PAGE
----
• Theorem: every compound proposition is equivalent to a conjunction of disjunctions also known as CNF (conjunctive normal form).


Example a detective puzzle
Example: a detective puzzle

  • Trung, Hoa and Tuan had same Phở for lunch at the same restaurant. They asked Ha to guess where they ate and what kind of Phở they had. To challenge Ha they decided that each will tell Ha two things and that at least one of the things they tell will be true.

  • Trung: “We ate Phở bò tái at Phở -24”

  • Hoa: “We ate Phở ga at Tranh Brothers.”

  • Tuan: “We ate at Cha Ca but definitely not Phở bò tái “

    What did they eat and where?


Answer
Answer

  • We introduce five propositions:

  • A : ate Phở bò tái

  • B: ate at Phở -24

  • C: ate Phở ga

  • D: ate at Tranh brothers

  • E: ate at Cha Ca.


Discrete mathematics and applications autumn 2010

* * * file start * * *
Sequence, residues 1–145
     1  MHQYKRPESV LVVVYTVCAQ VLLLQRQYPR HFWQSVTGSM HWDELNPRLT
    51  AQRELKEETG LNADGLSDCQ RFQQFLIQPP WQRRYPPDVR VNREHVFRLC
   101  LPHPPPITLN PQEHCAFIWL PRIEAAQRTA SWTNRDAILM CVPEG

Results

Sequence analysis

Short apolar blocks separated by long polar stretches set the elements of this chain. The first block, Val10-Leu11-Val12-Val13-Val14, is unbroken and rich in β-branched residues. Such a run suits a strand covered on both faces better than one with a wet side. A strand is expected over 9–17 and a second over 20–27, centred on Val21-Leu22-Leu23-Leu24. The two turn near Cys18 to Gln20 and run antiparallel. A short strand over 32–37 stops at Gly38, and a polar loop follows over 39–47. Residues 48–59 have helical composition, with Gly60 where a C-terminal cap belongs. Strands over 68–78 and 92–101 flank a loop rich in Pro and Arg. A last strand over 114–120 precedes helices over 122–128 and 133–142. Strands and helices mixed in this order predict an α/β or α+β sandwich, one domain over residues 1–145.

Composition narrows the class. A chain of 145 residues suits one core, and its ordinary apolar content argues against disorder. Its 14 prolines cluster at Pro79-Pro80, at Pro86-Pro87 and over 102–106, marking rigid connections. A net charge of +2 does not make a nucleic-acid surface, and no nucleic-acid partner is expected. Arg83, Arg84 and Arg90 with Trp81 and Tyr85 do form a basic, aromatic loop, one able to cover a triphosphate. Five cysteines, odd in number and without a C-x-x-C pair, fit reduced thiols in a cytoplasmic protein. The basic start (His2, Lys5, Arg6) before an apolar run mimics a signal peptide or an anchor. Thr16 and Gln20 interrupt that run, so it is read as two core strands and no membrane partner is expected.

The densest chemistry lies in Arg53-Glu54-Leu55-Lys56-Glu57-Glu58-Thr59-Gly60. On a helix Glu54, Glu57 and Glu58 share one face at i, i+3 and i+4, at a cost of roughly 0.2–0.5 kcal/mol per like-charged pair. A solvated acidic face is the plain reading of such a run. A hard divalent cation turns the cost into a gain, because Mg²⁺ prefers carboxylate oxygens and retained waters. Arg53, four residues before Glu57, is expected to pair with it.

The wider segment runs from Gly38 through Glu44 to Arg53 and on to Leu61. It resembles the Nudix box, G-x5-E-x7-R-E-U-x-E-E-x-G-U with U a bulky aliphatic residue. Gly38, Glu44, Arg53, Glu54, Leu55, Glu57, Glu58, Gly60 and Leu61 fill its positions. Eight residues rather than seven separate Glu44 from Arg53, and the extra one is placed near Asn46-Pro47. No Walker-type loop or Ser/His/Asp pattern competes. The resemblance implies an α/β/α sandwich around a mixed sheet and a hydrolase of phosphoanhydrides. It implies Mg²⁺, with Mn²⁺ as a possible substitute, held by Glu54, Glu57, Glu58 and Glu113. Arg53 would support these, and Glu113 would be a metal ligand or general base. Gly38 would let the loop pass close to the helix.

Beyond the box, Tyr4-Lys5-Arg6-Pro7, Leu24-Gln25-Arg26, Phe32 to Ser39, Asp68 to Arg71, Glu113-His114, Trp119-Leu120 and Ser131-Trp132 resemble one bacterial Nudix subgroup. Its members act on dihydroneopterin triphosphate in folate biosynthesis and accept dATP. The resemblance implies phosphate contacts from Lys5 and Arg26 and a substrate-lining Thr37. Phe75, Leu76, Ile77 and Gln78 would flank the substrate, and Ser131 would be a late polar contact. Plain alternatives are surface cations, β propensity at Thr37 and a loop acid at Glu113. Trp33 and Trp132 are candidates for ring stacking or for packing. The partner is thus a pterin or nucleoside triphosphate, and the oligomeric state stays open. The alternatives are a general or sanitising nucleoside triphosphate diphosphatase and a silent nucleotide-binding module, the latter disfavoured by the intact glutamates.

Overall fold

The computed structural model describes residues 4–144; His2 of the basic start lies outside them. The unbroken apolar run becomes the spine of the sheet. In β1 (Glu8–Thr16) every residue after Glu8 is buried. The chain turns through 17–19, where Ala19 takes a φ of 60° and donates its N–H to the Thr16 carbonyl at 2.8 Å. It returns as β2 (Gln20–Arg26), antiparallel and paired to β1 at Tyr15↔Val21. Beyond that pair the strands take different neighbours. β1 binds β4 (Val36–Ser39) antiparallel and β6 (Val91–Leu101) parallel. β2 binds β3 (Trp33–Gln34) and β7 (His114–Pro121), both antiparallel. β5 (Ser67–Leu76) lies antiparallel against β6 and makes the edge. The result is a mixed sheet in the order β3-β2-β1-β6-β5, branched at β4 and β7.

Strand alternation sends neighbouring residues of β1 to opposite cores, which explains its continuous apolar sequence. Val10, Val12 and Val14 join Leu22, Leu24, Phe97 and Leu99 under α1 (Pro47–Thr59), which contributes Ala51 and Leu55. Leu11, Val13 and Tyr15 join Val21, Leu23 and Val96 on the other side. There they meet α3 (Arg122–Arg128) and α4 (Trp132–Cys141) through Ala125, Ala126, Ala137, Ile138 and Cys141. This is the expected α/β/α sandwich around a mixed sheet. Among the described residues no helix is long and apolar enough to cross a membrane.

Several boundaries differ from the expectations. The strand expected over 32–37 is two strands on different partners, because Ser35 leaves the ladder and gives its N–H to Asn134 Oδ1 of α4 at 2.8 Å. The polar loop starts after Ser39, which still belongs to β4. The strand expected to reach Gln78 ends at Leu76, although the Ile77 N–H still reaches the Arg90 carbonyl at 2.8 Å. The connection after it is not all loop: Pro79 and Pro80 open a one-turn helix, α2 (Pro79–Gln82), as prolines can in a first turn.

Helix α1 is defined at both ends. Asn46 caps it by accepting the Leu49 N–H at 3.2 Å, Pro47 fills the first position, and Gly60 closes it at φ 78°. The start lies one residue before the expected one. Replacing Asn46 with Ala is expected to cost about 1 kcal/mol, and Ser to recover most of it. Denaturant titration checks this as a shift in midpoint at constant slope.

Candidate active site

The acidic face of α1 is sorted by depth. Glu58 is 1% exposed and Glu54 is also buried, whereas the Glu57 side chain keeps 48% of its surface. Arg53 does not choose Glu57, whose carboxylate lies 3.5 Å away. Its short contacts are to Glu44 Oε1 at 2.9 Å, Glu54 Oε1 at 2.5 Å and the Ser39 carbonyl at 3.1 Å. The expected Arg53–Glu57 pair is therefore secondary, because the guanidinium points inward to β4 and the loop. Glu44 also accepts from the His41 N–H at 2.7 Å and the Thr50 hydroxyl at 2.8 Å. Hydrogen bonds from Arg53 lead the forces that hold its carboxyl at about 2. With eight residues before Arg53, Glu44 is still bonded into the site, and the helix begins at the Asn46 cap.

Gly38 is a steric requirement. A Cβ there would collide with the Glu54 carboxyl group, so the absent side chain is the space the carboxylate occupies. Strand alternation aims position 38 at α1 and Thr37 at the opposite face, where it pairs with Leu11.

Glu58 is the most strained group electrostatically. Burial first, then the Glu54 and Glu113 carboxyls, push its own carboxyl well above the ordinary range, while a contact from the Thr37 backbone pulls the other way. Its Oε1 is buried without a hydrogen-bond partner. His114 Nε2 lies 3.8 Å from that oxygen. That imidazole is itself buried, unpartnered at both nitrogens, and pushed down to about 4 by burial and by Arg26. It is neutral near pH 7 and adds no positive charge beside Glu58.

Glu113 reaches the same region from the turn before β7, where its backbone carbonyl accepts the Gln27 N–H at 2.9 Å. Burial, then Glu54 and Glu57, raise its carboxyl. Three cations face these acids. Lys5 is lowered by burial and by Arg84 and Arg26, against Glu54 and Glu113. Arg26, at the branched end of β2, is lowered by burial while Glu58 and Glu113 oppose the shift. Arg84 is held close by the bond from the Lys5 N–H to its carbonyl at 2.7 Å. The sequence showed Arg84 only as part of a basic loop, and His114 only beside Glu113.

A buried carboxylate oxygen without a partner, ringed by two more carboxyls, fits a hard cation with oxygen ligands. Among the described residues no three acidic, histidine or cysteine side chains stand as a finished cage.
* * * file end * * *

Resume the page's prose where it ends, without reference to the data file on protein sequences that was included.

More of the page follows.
• This means that:

    (A v B)  (C v D) ( A V E) = T

  • OR:

  • AC( A ) v ACE v AD( A ) v ADE

    v BC( A ) v BCE v BD( A ) v BDE = T

    The only possible true statement is:

    BC( A )


Discrete mathematics and applications autumn 2010

A a logic problem:

From K. Rosen's book.

Five friends have access to a chat room. Is it possible to determine who is chatting if the following information is known?

1. Either Kevin or Heather or both, are chatting.

2. Either Randy or Vijay, but not both are chatting.

3. If Abby is chatting, so is Randy.

4. Vijay and Kevin are either both chatting or neither are chatting.

5. If Heather is chatting, then so are Abby and Kevin.


Discrete mathematics and applications autumn 2010

Ans. Create five propositions:

A : Abbey is chatting.

H : Heather is chatting

R : Randy is chatting

V : Vijay is chatting